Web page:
Posts tagged job transition
Before You Leave

Long gone are the days of joining an organization at the beginning of your career and staying until retirement. In the new career marketplace it's not "if" you leave for current company or organization for a new opportunity, but "when"? However, there are several factors professionals should consider before determining it's time to leave:

1. Are Your Reasons for Leaving Valid?

Whenever you decide to leave your company or organization, it's essential that you give serious thought as to "why" you feel the need to leave? Is it for a role that allows you to enhance your skills? Does it afford you a higher salary or bigger title? Are you leaving for a more relevant industry or larger (or smaller) organization that better suits you career goals?

Or, are you frustrated by the lack support from your current boss? Could it be that you don't see opportunities for advancement? These can all be valid reasons, however, it's essential that you take time to examine your "real" reasons for wanting to leave and make certain that you are not making a decision without considering all the implications of your decision. You could be in a great company that may just be in a temporary slump? The frustration you feel working for your current boss might be better handled with better communication and feedback? Opportunities for advancement could be available in your current organization, but perhaps you haven't adequately pursued them?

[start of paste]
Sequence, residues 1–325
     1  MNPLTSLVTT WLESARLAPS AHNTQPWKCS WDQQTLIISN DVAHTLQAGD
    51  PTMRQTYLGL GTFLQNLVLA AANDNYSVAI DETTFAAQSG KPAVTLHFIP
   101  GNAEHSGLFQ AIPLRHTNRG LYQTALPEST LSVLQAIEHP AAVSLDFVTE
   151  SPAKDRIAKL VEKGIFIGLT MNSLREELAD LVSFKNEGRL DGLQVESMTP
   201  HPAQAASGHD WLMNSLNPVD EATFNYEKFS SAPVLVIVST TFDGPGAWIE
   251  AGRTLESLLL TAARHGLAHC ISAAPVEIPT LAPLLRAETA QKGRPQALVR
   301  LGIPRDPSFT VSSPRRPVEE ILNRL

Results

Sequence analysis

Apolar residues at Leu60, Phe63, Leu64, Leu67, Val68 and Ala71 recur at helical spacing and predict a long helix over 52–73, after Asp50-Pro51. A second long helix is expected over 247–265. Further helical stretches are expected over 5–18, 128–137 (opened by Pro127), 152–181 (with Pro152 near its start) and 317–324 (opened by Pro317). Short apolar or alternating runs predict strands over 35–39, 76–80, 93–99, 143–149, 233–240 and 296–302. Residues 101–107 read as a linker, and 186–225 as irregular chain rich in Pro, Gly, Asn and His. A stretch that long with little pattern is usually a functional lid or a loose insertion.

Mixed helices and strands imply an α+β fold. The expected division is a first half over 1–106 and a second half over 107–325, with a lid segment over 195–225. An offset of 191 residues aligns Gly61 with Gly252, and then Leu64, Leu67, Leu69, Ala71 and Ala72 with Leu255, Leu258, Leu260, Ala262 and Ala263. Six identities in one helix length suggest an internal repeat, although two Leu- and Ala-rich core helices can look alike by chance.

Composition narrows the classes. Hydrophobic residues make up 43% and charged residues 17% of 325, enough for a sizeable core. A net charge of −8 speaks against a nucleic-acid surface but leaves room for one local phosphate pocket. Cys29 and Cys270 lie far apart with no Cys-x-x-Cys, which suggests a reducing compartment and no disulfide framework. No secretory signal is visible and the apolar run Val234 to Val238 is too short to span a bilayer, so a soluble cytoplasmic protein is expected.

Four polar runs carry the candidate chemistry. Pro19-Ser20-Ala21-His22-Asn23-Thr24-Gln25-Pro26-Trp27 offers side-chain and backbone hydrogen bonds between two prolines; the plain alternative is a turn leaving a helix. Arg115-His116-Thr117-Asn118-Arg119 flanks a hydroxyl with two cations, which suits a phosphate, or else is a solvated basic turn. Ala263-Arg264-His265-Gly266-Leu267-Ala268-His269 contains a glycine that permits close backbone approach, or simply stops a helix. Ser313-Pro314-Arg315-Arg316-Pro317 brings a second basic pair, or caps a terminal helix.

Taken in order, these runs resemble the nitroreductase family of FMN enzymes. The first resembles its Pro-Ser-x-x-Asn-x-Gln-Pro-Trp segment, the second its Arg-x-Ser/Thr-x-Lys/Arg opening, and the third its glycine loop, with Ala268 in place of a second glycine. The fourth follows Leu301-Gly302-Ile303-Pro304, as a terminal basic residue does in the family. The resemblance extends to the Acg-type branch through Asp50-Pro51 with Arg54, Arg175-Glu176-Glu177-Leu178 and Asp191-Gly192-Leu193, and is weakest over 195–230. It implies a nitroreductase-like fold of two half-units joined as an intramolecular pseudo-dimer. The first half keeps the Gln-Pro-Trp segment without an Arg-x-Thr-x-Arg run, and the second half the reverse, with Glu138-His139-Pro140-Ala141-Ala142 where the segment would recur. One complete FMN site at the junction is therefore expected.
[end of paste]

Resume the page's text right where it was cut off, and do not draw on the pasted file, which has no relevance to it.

Remember, starting over at a new organization means having to "prove" yourself all over again, developing a new network within the organization, learning a new organizational culture, and cultivating new mentors and sponsors.

2. Is the grass really "Greener" at the new organization?

I've found that when you are taking on a new role at a new organization, there are actually two roles: the role you "thought" you were hired for, and the one you actually get! Recruiters and hiring managers tend to focus on the positive aspects of the role during the interview process. They tell you about the new title, the bigger salary, the bright future. No doubt recruiters for Border's, Blockbuster Video and WorldCom painted rosy pictures until the bitter end.

The reality is, EVERY organization has it's business challenges, cultural idiosyncrasies, and frustration points. Large organizations can be extremely bureaucratic, start-up companies can lack the resources you are accustomed to, and older organizations can have "cult-like" cultures that discourage individual creativity. So, before you leave to join that new company, do your homework to learn as much as you can about them. You don't want to jump from the frying pan into the fire! There's nothing worse than having the "right" role in the wrong organization or industry.

3.   Does this new role "fit" within your Career Roadmap?